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Wheels of justice slow the pace of the case called Trump’s biggest worry

Image via Unsplash.

By Tom Baxter

With the conclusion for the summer of the Jan. 6 Committee hearings in Washington and a flurry of activity in Fulton County, national attention turned last week to Georgia as Donald Trump’s biggest headache.

Legal scholar Lawrence Tribe predicted on CBS that Fulton District Attorney Fani Willis would indict the former president before the Justice Department, which is currently figuring out what to do with a mountain of evidence from the Jan. 6 hearings. The New York Times led its Sunday edition with a story about Willis’ broadening investigation and the wide range of characters, from a United States senator to a publicist for Kanye West, which it has ensnared.

Any expectation that the grand jury investigation in Georgia would proceed at the cinematic pace of the Jan. 6 hearings should already have been dashed, when on Monday Fulton County Superior Court Judge Robert McBurney granted a motion separating state Sen. Burt Jones from the rest of Willis’ investigation. That means he’ll have to be interviewed by investigators from another county, inevitably slowing the process.

If you dot the “i”s and cross the “t”s twice, the explanation for how Willis had no conflict of interest in co-hosting a fundraiser during the primary campaign for Charlie Bailey, Jones’ Republican opponent might be sufficient. But as McBurney very rightly pointed out, “the optics are terrible.” This isn’t going to upend the entire grand jury investigation, but after so much national praise it’s an embarrassment for Willis.

Even before McBurney’s decision Monday, he assured Jones’ attorneys last week that there would not be an “October surprise” release of court findings near the date of this year’s election. Given the number of witnesses Willis has called to testify before the grand jury, it’s hard to see this investigation wrapping up this summer.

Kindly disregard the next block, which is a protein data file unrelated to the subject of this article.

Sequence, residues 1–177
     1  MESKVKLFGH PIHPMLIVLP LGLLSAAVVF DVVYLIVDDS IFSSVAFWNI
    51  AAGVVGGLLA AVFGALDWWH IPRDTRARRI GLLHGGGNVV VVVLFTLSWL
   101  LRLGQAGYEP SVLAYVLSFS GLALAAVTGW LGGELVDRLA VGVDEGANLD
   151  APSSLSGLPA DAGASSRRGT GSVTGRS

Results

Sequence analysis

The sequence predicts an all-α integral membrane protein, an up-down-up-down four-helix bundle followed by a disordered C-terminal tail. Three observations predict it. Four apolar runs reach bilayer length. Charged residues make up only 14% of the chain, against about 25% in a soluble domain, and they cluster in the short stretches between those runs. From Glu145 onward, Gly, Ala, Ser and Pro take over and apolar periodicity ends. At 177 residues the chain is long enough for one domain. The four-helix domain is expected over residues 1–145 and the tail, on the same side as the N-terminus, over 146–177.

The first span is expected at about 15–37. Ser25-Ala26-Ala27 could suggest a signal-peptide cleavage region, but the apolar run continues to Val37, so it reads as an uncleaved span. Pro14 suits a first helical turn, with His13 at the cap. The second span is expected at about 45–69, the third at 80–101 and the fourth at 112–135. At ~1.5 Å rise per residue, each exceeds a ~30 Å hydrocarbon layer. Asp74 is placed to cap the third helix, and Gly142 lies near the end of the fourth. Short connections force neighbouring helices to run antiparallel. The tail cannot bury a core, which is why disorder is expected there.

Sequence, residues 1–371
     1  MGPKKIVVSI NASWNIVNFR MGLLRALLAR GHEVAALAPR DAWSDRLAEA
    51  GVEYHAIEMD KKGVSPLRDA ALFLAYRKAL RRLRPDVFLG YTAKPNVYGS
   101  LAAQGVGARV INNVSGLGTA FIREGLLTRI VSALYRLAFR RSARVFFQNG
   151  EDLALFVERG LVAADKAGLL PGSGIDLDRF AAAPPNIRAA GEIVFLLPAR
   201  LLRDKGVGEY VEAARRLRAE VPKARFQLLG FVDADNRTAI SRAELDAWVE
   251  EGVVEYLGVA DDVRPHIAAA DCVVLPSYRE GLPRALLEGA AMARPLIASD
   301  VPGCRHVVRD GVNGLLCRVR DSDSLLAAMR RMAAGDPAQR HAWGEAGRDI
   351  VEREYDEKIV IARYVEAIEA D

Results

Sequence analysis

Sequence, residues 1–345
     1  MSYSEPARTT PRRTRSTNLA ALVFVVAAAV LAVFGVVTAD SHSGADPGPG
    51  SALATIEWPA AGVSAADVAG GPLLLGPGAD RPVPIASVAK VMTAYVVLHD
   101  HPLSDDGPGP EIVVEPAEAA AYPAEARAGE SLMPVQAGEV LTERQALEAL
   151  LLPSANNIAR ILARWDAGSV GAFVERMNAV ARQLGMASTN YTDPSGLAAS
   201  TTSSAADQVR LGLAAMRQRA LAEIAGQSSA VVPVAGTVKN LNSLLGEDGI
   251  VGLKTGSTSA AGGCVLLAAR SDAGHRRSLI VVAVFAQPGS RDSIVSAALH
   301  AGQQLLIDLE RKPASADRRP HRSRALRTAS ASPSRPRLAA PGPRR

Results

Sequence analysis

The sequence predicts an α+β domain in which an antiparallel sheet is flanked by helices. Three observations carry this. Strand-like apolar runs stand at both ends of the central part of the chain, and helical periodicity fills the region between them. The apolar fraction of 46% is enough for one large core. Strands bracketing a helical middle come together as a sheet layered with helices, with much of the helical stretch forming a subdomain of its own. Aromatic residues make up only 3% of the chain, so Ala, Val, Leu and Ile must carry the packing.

While he may have tapped a foot on the brakes, the judge overseeing the grand jury investigation into the Trump campaign’s activities in Georgia after the 2020 election declined to quash the subpoenas for 11 other Georgia Republicans who signed a certificate representing themselves as the state’s “duly elected and qualified” electors.

All this seems to foreshadow a long process — most of it behind closed doors — before the special grand jury is able to pass along its recommendations to another grand jury which would hand down any indictments that might be called for.

Meanwhile the political calendar marches along. The Wyoming primary, in which U.S. Rep. Liz Cheney trails by a wide margin, is Aug. 16. The congressional elections in November could change the House majority and bring the Jan. 6 committee to an end. The only question about Trump’s 2024 plans seems to be whether he’ll announce he’s running before the midterm elections or after.

Against that changing backdrop, the special grand jury will be moving, very deliberately, toward its final recommendations. And yet, the special grand jury will be focusing on what many consider to be the most conclusive proof that Trump illegally attempted to tamper with the election: the tape of Trump’s telephone conversation with Secretary of State Brad Raffensperger.

“Even now the proof is there, for example, with respect to strong-arming Raffensperger to steal the votes of Georgia, that’s already there,” Tribe said last week. “That’s why I expect an indictment from Fani Willis in Fulton County, Georgia, even before an indictment from the Department of Justice.”

There’s a dissonance between the patient, no-surprises approach being outlined by the presiding judge in this case and the impatience of those who find the smoking gun of their case against Trump already evident in this case. Somehow that’s going to be resolved, with a lot of national implications.

The Georgia Republicans who signed the bogus election document can look forward to a lot of legal bills and long periods of being left in the dark — and that’s if the grand jury doesn’t decide to recommend criminal charges against all of them. It’s a pattern that’s becoming familiar. We don’t really know if Trump will pay any price for what this grand jury does, but we can be sure the price tag for those who followed him will be hefty.

Tom Baxter

Tom Baxter has written about politics and the South for more than four decades. He was national editor and chief political correspondent at the Atlanta Journal-Constitution, and later edited The Southern Political Report, an online publication, for four years. Tom was the consultant for the 2008 election night coverage sponsored jointly by Current TV, Digg and Twitter, and a 2011 fellow at the Robert J. Dole Institute of Politics at the University of Kansas. He has written about the impact of Georgia’s and Alabama's immigration laws in reports for the Center for American Progress. Tom and his wife, Lili, have three adult children and seven grandchildren.


1 Comment

  1. Bruce Kay July 26, 2022 11:55 am

    Let’s hope the price tag for treason is very hefty!Report


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